We already discussed Chuck Moore’s discovery of FORTH in a previous post but leveraging python bytecodes to implement it felt like cheating. Like many others, I started understanding FORTH through Richard WM Jones’ jonesforth. I trudged through the unfamiliar assembly syntax and settled down with many cups of coffee to understand the difference between direct and indirect threaded code. And yet, after all this time, I realized I didn’t really understand it. So I decided to translate jonesforth.S to C.

The first bit of actual code in jonesforth.S is the NEXT macro:

    .macro NEXT
    jmp *(%eax)

NEXT is fundamental to FORTH yet remarkably only requires two x86 instructions. The second instruction reminds us of What makes Julia delightful, cont’d? The wikipedia entry on threaded code outlines a rather vast array of potential translations. However, in the spirit of keeping our translation as faithful to the original as possible, I chose GNU C’s Labels as Values. This is what my NEXT macro looks like in C:

#define NEXT do { target = *ip++; goto **target; } while (0)

Checking the generated assembly (using -fverbose-asm), we see that GCC always translates goto **target to

    movq    (%rdx), %rax
    jmp     *%rax

so that looks rather promising. GCC’s register allocation logic means that the line which immediately precedes these instructions can vary greatly. ip is not always kept in the same register. Fortunately, we don’t need to worry about that.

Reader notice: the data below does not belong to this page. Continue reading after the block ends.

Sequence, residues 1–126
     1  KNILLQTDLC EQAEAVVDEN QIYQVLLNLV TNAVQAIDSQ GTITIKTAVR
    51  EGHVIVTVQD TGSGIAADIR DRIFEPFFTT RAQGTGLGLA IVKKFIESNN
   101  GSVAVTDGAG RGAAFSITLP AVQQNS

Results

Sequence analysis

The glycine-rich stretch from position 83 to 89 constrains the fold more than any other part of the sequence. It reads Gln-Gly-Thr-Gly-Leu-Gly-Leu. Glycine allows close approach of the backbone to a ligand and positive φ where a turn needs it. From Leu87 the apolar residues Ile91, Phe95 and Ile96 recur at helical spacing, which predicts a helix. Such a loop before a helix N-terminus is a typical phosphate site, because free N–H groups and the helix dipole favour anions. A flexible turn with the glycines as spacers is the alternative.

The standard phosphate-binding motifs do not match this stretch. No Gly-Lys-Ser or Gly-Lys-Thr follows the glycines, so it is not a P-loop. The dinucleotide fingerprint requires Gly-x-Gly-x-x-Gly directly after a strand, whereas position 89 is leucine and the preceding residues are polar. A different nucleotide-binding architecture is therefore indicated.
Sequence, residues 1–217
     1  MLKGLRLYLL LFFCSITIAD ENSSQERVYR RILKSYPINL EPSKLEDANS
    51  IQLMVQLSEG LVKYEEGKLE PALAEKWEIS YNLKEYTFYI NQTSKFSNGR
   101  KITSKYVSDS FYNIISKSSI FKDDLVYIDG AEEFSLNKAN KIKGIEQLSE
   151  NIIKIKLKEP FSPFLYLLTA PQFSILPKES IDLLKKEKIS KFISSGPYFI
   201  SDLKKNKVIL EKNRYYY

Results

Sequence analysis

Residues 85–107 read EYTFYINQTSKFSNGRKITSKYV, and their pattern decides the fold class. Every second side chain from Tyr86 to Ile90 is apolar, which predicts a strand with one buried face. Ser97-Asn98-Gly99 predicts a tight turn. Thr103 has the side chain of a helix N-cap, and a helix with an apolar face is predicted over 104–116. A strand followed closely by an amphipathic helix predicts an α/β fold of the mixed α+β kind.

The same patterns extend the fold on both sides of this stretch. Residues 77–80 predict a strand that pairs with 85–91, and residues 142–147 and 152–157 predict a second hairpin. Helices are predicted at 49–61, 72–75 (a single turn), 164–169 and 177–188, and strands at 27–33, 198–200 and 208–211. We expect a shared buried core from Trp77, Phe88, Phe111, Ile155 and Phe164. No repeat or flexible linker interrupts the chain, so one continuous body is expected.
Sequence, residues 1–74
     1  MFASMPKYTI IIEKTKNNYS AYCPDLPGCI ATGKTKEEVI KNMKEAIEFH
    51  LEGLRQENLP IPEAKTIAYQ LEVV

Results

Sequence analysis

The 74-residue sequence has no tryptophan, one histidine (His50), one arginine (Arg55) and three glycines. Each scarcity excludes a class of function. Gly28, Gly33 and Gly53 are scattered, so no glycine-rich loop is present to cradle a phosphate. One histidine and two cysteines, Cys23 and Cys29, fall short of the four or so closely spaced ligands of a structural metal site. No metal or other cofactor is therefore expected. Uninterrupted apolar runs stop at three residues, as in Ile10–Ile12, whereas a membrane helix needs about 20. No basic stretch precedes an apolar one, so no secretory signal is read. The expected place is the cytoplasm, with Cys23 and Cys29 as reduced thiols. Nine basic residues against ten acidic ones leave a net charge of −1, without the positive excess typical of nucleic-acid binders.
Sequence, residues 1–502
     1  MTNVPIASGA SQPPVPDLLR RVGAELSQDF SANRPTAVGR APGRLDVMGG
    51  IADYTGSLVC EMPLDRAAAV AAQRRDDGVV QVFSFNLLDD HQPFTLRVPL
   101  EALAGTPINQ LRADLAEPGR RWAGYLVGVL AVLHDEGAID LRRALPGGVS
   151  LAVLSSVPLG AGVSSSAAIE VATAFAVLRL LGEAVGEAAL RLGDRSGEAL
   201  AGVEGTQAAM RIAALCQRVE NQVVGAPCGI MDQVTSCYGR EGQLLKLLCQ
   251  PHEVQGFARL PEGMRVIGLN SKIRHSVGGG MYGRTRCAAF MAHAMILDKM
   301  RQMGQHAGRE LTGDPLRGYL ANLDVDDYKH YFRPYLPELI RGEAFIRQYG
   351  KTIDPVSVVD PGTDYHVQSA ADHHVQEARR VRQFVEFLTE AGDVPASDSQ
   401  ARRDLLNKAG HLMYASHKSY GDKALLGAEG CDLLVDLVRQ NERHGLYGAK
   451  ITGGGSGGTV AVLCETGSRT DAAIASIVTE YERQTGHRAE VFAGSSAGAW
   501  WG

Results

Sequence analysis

With this first challenge behind us, we move on to the precise memory layout of FORTH dictionary entries. FORTH words can vary in length. Words written in assembly (or in our case C) language only require a single address. Words written in FORTH can refer to N previously defined words plus the special DOCOL label (since they were introduced by a :) that is at the center of indirect threading. Jones explains that extra indirection step in great details, complete with ASCII diagrams. I will therefore not repeat it here. Flexible array members were officially standardized in C99 so we will use them to store the collection of labels in the dictionary entry. We could store the first label, aka Code Field, as a separate member but that only increases the cognitive load of remembering that following parameters are contiguous. jonesforth.S words actually contain not one but two flexible arrays (name and code) where C only allows one. That’s our first big deviation from jonesforth.S (there will be more, don’t worry):

struct word_t {
    struct word_t *link;
    char flags;
    char name[15] __attribute__((nonstring));  /* big enough for builtins, forth words might overflow  */